Though there has been no official declaration that the recession has ended, most economic indicators signal that the economy has been improving since the middle of 2009. GDP increased by 2.2% in the third quarter and is expected to show a strong improvement in the fourth quarter. Corporate earnings have been stronger than expected in both of the last two quarters, house prices have increased for five consecutive months, retails sales have rebounded, and consumer sentiment is moving higher. Both companies and individuals have improved their balance sheets over the past year by cutting spending and paying down debt. The financial sector is on much firmer footing, as demonstrated by the repayment of TARP funds. Of the $331 billion invested to support financial companies, $147 billion has been returned. The emerging markets, such as China, India and Brazil have resumed strong growth. For example, in November China's industrial production rose 19.2% and retail sales increased 15.8%. U.S. companies that export or have foreign operations have benefited from exposure to these markets.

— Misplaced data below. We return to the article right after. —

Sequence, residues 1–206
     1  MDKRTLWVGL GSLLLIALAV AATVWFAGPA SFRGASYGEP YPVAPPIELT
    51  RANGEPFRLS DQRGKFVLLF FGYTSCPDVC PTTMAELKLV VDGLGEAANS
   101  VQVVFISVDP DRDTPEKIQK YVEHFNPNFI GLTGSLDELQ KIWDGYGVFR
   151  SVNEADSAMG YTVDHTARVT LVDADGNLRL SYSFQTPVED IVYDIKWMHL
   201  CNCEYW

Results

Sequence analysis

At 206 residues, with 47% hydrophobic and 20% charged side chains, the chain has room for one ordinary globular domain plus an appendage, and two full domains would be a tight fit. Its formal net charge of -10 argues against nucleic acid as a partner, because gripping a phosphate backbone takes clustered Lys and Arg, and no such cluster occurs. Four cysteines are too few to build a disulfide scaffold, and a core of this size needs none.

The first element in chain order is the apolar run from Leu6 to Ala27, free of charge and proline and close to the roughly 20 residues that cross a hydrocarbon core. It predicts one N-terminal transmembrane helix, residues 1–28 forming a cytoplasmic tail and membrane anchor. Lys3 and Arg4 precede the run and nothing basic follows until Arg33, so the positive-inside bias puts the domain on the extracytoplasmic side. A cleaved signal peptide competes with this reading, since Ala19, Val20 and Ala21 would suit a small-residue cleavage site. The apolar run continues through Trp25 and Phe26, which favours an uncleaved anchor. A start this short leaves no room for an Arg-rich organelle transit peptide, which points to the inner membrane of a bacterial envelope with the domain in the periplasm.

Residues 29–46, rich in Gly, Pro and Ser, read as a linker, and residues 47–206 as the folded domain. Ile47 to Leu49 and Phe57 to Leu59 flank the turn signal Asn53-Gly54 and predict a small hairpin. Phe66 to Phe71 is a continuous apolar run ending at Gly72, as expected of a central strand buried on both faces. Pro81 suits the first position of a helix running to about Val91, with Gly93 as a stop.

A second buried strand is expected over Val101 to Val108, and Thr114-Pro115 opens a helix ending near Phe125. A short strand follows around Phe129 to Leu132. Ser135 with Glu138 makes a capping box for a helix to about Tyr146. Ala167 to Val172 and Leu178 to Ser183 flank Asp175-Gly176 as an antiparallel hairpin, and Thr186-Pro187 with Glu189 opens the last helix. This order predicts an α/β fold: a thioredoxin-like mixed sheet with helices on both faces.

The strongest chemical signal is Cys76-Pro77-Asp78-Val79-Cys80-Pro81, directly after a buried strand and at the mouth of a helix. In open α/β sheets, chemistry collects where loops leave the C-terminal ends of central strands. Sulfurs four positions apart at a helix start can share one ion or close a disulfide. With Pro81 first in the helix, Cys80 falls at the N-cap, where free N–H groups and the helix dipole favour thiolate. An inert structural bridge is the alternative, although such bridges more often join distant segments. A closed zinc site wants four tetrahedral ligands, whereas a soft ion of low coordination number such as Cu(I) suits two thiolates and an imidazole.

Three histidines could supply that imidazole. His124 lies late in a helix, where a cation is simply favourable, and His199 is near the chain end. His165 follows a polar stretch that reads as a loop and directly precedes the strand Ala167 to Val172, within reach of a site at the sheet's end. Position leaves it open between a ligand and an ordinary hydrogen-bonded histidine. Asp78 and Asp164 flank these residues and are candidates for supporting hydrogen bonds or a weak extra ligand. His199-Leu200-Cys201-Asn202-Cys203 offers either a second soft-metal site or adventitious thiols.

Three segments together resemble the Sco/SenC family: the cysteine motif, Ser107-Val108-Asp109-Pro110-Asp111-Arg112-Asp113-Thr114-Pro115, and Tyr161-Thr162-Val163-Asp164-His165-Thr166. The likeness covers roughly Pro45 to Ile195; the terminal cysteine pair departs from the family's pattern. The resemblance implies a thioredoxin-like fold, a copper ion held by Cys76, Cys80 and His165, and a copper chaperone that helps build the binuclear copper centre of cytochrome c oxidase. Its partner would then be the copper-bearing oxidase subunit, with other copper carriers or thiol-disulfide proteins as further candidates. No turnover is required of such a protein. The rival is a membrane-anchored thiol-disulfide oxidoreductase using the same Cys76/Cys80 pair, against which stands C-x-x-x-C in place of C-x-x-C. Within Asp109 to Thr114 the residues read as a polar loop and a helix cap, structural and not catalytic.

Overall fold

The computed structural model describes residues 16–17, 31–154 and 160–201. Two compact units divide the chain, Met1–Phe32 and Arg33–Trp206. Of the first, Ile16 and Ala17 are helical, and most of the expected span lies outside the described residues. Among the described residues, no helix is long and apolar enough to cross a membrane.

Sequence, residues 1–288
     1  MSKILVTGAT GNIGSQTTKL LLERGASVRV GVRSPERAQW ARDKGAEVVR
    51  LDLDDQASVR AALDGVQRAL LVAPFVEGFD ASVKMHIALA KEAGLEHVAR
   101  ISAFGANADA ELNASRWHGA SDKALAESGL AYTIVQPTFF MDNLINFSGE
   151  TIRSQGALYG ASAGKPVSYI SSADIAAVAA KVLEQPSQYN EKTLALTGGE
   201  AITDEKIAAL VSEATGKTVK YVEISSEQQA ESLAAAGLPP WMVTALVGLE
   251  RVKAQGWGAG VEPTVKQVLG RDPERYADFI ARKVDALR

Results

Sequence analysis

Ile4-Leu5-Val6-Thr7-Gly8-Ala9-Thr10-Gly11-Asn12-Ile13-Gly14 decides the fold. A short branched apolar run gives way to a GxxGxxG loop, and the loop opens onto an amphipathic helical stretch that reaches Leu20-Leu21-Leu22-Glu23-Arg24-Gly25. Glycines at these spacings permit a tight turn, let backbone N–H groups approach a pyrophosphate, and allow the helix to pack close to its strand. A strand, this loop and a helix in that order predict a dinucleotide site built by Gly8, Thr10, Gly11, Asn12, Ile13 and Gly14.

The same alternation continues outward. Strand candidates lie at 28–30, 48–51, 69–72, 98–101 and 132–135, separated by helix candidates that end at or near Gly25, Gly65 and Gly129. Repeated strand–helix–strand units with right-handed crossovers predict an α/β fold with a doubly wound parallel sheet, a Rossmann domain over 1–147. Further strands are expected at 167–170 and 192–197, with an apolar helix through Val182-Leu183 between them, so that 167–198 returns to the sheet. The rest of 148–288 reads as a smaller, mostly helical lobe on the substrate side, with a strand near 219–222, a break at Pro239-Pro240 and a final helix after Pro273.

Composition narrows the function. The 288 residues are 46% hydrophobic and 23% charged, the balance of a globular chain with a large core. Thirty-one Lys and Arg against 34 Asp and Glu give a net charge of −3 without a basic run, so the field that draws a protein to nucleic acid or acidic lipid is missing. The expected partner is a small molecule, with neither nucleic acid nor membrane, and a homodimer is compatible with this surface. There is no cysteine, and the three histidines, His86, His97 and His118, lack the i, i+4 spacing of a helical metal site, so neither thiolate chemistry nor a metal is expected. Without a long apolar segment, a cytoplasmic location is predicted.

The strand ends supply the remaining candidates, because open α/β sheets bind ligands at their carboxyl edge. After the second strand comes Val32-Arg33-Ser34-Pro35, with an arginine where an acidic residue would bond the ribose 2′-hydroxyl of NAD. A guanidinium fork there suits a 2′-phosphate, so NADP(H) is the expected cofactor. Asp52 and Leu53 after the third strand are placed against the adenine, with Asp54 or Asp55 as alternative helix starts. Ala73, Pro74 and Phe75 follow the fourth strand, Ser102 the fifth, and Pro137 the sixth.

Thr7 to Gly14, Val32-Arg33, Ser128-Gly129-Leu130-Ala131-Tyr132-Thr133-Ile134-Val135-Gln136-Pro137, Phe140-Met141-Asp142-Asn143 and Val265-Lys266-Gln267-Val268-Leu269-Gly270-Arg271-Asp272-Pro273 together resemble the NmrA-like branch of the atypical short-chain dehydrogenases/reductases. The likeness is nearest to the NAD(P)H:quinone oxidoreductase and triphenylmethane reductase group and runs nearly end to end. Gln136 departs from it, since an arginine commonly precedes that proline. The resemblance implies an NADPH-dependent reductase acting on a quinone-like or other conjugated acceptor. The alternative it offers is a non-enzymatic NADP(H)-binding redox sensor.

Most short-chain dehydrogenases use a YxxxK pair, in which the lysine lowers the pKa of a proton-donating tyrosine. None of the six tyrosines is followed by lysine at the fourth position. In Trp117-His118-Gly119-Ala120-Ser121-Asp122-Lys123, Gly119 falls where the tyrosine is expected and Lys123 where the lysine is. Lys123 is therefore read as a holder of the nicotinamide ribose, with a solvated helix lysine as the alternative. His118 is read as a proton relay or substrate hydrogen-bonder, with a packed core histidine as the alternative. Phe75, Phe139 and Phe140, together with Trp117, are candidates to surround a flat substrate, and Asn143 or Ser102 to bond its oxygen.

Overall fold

Of course, a number of significant problems still exist. Unemployment remains stubbornly high, which could a limit a rebound in consumer spending. While financial firms are in better shape, there are still worries over possible further erosion in the housing market and problems with commercial real estate. Perhaps the biggest concern relates to the uncertainty over government intervention into the economy. How effective is the current stimulus program and will the economy fall back into recession as stimulus spending is curtailed? Can the government unwind its support of the financial system without a disruption to the markets? Can the current budget deficit be reduced? How will proposed healthcare reform impact the economy? Will taxes be increased? The resolution of these questions will have a major impact on the market.